from a rocky outcrop. The male was on the highest point, lying down resting but still keeping a good lookout for potential danger, and the female stood poised on her ballerina hooves, chewing the cud.
The female kudu strolled through a meadow dotted with mauve flowers. The green season is such a beautiful time to visit the park or any safari destination. The skies are dramatic, the animals are well-fed and gathered in herds, the vegetation is lush, bright and especially intense after it’s rained and droplets still cling to the leaves and petals. These docile impalas and their lambs stood to attention as we passed, making sure we were no threat. Gonarezhou’s wildlife is not as concentrated or diverse as Malilangwe’s, and it is still wild in every sense of the word. The remoteness and ruggedness of the area means the animals are not used to seeing humans regularly and it’s possible that you may be one of the few people that some of the youngsters have ever seen.
One of the most prominent and enduring natural features of Gonarezhou are these majestic Chilojo Cliffs. The striated red Jurassic/Cretaceous sandstone cliffs have been formed through eons of erosion and overlook the Runde valley. The cliffs rise 180 metres above the river course.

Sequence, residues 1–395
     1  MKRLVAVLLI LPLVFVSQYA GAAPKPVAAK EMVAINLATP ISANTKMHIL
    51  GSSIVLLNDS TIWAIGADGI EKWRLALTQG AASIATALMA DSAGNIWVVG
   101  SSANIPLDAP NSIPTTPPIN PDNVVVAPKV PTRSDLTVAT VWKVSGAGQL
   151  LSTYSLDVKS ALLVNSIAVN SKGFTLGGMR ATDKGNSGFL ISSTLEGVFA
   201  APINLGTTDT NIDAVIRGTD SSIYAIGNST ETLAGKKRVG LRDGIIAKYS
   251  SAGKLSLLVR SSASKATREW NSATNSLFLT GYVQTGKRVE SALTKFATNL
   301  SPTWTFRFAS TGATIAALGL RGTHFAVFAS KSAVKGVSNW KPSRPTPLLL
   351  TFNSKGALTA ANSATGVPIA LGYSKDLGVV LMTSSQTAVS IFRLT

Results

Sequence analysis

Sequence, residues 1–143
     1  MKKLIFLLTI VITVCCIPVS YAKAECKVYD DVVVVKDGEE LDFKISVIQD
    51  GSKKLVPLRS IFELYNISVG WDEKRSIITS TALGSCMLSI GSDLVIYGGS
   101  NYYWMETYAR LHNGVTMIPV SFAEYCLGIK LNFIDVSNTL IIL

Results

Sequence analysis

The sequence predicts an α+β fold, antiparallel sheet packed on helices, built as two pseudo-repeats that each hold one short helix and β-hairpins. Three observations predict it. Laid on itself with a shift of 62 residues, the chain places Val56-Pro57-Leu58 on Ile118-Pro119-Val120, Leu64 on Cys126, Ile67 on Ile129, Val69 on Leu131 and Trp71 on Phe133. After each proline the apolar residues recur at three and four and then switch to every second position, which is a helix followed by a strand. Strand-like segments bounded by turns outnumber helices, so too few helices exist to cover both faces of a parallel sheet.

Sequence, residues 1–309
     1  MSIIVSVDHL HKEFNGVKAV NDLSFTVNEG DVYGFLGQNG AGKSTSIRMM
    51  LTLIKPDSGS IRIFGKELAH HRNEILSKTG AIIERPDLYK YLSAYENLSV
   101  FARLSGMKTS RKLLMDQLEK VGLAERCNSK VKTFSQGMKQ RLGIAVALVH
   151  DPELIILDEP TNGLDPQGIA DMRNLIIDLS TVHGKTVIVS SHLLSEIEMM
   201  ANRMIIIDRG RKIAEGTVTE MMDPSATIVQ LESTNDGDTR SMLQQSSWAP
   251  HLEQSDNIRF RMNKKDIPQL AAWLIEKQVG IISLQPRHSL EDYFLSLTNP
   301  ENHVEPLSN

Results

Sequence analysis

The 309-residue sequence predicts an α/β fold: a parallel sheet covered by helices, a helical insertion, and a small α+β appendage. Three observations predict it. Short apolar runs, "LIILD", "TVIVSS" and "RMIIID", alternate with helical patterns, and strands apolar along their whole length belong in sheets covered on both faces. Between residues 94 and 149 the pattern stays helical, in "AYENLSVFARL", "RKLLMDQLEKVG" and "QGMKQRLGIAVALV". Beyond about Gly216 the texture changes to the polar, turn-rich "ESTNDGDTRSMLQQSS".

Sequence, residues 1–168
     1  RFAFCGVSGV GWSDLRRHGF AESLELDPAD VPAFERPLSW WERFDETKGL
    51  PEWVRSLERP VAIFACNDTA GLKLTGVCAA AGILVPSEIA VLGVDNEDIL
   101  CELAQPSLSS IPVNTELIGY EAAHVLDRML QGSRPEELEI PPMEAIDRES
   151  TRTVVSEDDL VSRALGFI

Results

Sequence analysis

This was where we stopped for brunch. There’s a simple picnic site and it’s the ideal place to contemplate the fragile beauty of life. The Runde was in full flow and such a contrast to winter when it’s no more than a dry trickle in a sandy river bed. Thanks to the rain the strata of the cliffs looked saturated and clear and features like The Pinnacle stood out more than ever.
It is possible to camp in the Gonarezhou National Park, and with time on your hands and enough air in your lungs you can hike to the upper viewpoint of the Chilojo Cliffs. From up there you’ll have endless views over the reserve. At 5 000 square kilometres it’s bigger than the Grand Canyon National Park.
One of the highlights of our day trip was to see a large number of lesser spotted eagles (Aquila pomarina) gathered in one area and perching in the trees. They would have arrived here from their Baltic breeding grounds from mid-October. Their southward flight takes approximately 50 days, while their return migration in March takes twice as long. They follow the rain fronts as these induce termite eruptions, which are their main source of food.
In the second photo a lesser spotted eagle occupies the same tree as a Meves’s starling (lamprotornis mevesii), two fork-tailed drongos (Dicrurus adsimilis) and a southern grey-headed sparrow (Passer diffuses).
Gonarezhou is a birder’s paradise. Some of the more colourful species we saw (see the following page) included the white-fronted bee-eater (Merops bullockoides), European bee-eater (Merops apiaster) and Diderick cuckoo (Chrysococcyx caprius).
If you are spending some time at Singita Pamushana I strongly recommend a day trip to Gonarezhou. It is essentially an all-day game drive to an pristine wilderness paradise.